Safety, in general, is defined as “a strategy for accident prevention.” Process safety is safety applied to processes, including chemical processes. Table 1-1 provides a more complete definition of process safety, along with several important definitions provided by the American Institute for Chemical Engineers (AICHE) Center for Chemical Process Safety (CCPS). Another common term used in the safety realm is loss prevention, which is defined as the prevention of incidents that cause losses due to death, injury, damage to the environment, or even loss of production or inventory.

Table 1-1 AICHE Center for Chemical Process Safety Definitions Related to Process Safety

Term

Definition

Example

Accident

An unplanned event or sequence of events that results in an undesirable consequence. The scope of the accident description is arbitrary.

A leak in a pressurized vessel containing 500 kg of ammonia.

Conditional modifier

A fractional probability that a particular event occurs.

The probability of a flammable release being ignited is 0.10.

Consequence

A measure of the expected effects of a specific incident outcome case.

A 10 kg/s ammonia leak results in a toxic cloud downwind.

Enabling condition

A fractional probability that a particular circumstance exists. It accounts for the time-at-risk.

The probability of the ambient temperature being low enough to cause a water line to freeze is 0.10.

Hazard

An inherent chemical or physical characteristic that has the potential for causing damage to people, the environment, or property.

A pressurized tank containing 500 kg of ammonia.

Hazard evaluation/analysis

Determination of the mechanisms causing a potential incident and evaluation of the incident outcomes or consequences.

A Hazard and Operability (HAZOP) study was completed on the distillation column.

Hazard identification

Identification of material, process, and plant characteristics that can produce undesirable consequences through the occurrence of an incident.

The chemicals in the process are toxic and flammable hazards.

Impact

A measure of the ultimate loss and harm of an incident.

A 10 kg/s ammonia leak produces a downwind toxic vapor cloud resulting in local evacuations, an emergency response, plant downtime, and loss of community support.

Incident

The basic description of an event or series of events,resulting in one or more undesirable consequences, such as harm to people, damage to the environment, or asset/business losses. In general, it is caused by loss of containment or control of material or energy. For chemicals plants, this includes fires/explosions and releases of toxic or harmful substances. Not all events propagate to an incident.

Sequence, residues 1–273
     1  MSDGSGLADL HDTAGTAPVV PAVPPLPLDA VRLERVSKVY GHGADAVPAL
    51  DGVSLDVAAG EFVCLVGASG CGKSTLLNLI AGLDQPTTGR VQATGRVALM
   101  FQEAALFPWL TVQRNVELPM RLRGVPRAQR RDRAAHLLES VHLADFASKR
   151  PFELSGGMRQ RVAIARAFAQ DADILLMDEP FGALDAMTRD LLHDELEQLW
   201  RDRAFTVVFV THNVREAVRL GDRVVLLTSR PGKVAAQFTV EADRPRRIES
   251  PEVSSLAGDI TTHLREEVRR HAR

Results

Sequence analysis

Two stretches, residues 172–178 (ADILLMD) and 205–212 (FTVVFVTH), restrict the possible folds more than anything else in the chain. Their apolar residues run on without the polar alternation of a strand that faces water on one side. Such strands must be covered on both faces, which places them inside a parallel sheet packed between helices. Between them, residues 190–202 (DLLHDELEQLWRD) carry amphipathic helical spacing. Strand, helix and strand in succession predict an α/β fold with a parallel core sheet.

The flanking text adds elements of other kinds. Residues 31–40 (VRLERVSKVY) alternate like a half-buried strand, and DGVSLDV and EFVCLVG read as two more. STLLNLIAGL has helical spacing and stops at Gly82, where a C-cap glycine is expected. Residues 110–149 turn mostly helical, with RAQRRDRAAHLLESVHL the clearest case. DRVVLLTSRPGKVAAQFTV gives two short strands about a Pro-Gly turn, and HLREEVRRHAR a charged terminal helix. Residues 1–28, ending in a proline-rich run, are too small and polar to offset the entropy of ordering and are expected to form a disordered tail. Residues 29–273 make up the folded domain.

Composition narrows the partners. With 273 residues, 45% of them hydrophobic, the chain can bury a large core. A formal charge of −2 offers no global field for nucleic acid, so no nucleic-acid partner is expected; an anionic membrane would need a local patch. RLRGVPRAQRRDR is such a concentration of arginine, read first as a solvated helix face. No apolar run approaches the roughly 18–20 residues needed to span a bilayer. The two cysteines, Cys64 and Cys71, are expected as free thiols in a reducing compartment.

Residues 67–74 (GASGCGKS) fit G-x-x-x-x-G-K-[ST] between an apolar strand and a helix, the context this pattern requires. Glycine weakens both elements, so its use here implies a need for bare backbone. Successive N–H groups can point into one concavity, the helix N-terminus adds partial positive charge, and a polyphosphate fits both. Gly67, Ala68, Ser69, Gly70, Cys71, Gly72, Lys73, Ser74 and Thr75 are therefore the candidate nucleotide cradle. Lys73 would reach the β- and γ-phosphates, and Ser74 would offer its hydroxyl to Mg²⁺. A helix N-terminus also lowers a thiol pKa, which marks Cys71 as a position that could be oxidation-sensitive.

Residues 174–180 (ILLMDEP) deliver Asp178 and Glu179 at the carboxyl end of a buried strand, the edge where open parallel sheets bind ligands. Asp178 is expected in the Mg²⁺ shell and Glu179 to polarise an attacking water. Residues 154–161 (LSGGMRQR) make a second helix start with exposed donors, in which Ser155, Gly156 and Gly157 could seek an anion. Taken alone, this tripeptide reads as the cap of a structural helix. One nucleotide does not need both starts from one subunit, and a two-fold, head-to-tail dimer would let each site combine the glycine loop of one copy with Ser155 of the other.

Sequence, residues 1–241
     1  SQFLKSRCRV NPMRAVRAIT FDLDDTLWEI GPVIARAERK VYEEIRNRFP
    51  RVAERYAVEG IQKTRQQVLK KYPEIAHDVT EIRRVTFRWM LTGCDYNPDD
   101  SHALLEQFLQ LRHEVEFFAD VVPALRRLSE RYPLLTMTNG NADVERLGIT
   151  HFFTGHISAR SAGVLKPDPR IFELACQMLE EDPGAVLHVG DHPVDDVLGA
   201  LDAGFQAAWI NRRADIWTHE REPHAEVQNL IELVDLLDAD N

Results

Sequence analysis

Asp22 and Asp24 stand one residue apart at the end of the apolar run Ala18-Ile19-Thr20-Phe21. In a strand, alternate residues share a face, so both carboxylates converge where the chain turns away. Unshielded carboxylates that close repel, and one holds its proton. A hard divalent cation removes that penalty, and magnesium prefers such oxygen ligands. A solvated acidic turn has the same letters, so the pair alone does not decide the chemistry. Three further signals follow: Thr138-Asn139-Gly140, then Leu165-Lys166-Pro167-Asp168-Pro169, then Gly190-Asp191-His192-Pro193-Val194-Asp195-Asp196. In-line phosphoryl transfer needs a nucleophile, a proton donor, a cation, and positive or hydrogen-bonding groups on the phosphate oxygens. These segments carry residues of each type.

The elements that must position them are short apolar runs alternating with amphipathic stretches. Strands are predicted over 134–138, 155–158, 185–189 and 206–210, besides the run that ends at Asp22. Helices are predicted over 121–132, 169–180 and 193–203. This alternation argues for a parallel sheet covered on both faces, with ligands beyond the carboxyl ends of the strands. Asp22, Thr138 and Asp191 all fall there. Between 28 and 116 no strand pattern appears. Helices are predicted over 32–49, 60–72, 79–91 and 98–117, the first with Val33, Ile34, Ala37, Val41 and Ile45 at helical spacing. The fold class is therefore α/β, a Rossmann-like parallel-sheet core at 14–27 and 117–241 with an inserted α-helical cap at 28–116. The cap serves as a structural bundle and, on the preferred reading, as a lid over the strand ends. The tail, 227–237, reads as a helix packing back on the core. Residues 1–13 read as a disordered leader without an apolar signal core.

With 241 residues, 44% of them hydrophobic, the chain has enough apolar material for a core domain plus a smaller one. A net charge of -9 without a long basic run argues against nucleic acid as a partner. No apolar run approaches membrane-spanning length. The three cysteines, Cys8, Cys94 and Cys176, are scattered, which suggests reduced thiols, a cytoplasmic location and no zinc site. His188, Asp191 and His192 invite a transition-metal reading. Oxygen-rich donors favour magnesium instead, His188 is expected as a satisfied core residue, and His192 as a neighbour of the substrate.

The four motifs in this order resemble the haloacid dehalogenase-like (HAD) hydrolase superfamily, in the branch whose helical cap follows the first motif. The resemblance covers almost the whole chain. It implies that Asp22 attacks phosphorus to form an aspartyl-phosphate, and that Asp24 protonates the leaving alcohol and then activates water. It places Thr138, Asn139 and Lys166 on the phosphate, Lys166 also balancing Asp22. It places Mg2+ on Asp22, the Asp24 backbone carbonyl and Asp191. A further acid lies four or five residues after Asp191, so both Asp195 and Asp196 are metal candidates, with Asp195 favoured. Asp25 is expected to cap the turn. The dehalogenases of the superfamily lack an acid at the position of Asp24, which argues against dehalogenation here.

A plant incident involves a leak of 10 kg/s of ammonia producing a toxic vapor cloud.

Incident outcome

The description of the physical manifestation of the incident. This could include toxic release, fire, explosion, and so on.

A leak in an ammonia pipeline results in a toxic release.

Incident outcome case

An incident with more than one outcome.

A chemical release results in both a toxic release and an environmental impact.

Individual risk

The risk to a person in the vicinity of a hazard. This includes the nature of the injury to the individual, the likelihood of the injury occurring, and the time period over which the injury might occur.

The likelihood of operator burns due to a butane leak is estimated at once in 5 years.

Likelihood

A measure of the expected probability or frequency of occurrence of an event. For chemical plants, the frequency is most commonly used.

The frequency of an operator error for the process is estimated at once per month.

Process safety

A disciplined framework for managing the integrity of operating systems and processes handling hazardous substances by applying good design principles, engineering, and operating practices. It deals with the prevention and control of incidents that have the potential to release hazardous materials or energy. Such incidents can cause toxic effects, fires, or explosions, and could ultimately result in serious injuries, property damage, lost production, and environmental impact.

After the incident, the company made a considerable effort to improve corporate process safety.

Risk

A measure of human injury, environmental damage, or economic loss in terms of both the incident likelihood and the magnitude of the loss or injury.

The major risk in the process was a chemical spill into the adjacent river with environmental damage.

Risk analysis